Business groups set out top Spring Budget asks

  • Person icon Bethany Howe
  • Calendar icon 9 February 2024 09:23
Westminster Palace from across the Thames

With the Spring Budget creeping ever closer, the UK’s top business groups have started submitting their wishlists to Chancellor Jeremy Hunt.

The groups’ key proposals outline policy changes designed to provide a boost to small businesses, strengthen economic growth and help firms achieve their net zero goals.

Here, we take a look at some of the top Budget asks.


Increasing the Employment Allowance

The Federation of Small Businesses (FSB) has urged the Chancellor to use the Spring Budget to increase the Employment Allowance from £5,000 to £6,500. It said that doing so would enable a small employer to hire four employees on the new National Living Wage (NLW) of £11.44 before having to pay the 13.8% jobs tax.

The FSB said increasing the Employment Allowance would also help firms to afford the increases to the NLW in April.

Commenting on the matter, Martin McTague, National Chair of the FSB, said:

Small businesses are overwhelmingly the route into work for those who are currently out of work, and we need to be doing everything we can to support small employers.

However, without an increase in the Employment Allowance, they will continue to be cornered by a steep climb in staffing costs and associated taxes.


Providing tax credits for companies that train staff to meet skills shortages

The Institute of Directors (IoD) has called on Mr Hunt to provide tax credits to companies that train staff to meet national skills shortages. It has urged the government to introduce a VAT exemption for private sector training ‘designed to address Britain’s national current and future skills needs’, and to allow sole traders to deduct for tax purposes the costs of reskilling into areas that are new for their business.

The IoD is also advocating for greater flexibility in how Apprenticeship Levy funds can be drawn upon while retaining 95% of funding of SME apprenticeship training costs.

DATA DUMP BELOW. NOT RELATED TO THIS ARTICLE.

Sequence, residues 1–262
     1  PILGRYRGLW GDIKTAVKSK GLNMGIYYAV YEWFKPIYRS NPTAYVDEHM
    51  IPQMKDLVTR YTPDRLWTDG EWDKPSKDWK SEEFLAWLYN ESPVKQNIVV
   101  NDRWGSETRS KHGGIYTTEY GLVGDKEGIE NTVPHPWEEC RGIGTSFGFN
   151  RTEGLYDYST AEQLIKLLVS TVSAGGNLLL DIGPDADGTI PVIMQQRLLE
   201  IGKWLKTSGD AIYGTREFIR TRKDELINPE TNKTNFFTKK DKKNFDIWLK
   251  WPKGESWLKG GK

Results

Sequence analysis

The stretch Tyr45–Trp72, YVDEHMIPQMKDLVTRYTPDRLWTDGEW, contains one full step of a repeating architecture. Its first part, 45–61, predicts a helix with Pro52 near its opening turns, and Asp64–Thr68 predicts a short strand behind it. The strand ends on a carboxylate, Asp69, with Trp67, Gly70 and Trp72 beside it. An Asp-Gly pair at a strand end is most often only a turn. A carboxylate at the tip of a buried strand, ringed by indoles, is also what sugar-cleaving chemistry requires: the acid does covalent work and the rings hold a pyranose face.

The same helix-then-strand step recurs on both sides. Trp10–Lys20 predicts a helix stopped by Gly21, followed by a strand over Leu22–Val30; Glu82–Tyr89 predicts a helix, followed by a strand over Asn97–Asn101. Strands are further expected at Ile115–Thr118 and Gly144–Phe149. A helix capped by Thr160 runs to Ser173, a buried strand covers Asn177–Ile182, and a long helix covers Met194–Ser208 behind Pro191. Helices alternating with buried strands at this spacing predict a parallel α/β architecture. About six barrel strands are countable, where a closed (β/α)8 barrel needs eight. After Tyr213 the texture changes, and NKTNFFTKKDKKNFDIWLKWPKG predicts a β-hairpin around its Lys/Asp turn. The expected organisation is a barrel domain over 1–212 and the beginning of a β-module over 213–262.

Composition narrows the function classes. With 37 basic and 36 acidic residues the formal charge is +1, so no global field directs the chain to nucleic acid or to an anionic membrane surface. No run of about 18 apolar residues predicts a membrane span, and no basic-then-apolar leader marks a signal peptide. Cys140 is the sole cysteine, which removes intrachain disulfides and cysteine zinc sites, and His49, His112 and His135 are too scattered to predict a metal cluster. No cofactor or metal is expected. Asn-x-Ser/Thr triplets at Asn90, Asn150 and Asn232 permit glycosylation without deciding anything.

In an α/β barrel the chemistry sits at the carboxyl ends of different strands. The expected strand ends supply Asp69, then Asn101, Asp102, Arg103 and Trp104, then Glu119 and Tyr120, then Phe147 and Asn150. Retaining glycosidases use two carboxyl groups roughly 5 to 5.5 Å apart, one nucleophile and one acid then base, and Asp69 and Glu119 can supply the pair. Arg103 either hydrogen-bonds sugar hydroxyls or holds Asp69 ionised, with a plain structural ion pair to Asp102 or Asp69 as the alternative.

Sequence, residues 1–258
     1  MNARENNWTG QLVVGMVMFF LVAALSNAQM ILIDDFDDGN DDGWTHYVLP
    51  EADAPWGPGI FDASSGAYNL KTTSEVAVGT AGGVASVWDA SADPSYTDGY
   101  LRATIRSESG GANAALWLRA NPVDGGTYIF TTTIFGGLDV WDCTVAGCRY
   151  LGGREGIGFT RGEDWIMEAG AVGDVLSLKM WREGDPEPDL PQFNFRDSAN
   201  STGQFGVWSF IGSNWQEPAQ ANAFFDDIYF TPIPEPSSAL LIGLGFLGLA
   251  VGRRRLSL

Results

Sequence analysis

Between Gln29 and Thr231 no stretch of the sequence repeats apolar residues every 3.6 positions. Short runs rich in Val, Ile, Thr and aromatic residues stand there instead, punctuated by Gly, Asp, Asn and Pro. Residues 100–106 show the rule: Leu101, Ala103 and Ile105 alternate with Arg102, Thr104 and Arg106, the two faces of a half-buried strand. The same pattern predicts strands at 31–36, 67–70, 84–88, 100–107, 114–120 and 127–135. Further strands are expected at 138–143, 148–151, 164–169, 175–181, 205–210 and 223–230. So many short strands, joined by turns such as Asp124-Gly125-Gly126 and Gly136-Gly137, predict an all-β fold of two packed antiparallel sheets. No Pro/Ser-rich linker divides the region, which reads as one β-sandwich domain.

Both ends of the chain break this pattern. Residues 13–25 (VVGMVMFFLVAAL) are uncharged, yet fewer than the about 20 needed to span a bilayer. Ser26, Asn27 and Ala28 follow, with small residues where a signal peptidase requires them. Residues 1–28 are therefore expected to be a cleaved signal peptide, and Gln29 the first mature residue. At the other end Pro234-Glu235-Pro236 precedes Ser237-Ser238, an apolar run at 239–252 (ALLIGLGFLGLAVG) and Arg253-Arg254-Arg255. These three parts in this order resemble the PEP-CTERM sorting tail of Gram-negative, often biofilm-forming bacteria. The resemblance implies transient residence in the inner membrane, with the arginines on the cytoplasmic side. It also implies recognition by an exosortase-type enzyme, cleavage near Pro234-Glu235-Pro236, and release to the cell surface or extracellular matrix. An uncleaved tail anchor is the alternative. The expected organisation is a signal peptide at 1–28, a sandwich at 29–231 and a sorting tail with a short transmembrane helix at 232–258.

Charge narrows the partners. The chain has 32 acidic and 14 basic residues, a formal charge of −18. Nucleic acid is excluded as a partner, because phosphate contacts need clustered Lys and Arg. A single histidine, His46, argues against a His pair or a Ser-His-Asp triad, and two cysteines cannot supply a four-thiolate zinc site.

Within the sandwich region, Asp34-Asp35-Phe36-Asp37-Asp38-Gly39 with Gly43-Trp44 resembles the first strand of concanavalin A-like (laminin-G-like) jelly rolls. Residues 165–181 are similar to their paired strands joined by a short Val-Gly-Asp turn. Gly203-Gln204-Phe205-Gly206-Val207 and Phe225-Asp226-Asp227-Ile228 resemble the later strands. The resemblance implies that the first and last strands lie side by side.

Supplying stronger incentives for SMEs to transition to net zero

A survey carried out by the IoD revealed that SMEs feel there is a ‘lack of a clear business case to invest in net zero measures’, and this is one of the ‘biggest obstacles’ in reducing their carbon footprint.

The IoD’s research showed that the most effective way to spur change would be ‘to have a lower corporation tax for organisations that have achieved net zero compared to those that have not’.

It also revealed that around two thirds of SMEs which currently don’t have a plan to achieve net zero say they would be much more likely to achieve net zero if it resulted in a lower corporation tax bill.


Ditching the ‘Tourist Tax’

The British Chambers of Commerce (BCC) has urged the Chancellor to eradicate the so-called ‘Tourist Tax’, which would allow international visitors to shop in the UK tax-free. The BCC estimates that the tax costs the British retail sector £1.5 billion per year and adversely affects the UK tourism and hospitality sector.

Shevaun Haviland, Director General of the BCC, said:

It was great to be at Heathrow . . . to hear how a new internationally competitive tax-free shopping scheme would turbocharge Britain’s economy, helping retailers and hospitality venues across the country.

The Chancellor in his Spring Budget has the chance to firmly show that Britain is open for business, he must seize it.


Combatting late payments

The IoD has called for ‘greater reputational pressure’ on slow invoice payers. It recommends that the government publishes twice-yearly rankings of the average time taken to pay invoices. It also stated that public sector entities employing over 250 people should be required to report their payment practices through the same system as private entities.

Chancellor Jeremy Hunt will present the 2024 Spring Budget on 6 March. Mercia’s tax experts will be watching and will provide detailed analysis of the day’s announcements. Keep your clients up to date with our range of digital and printed products.

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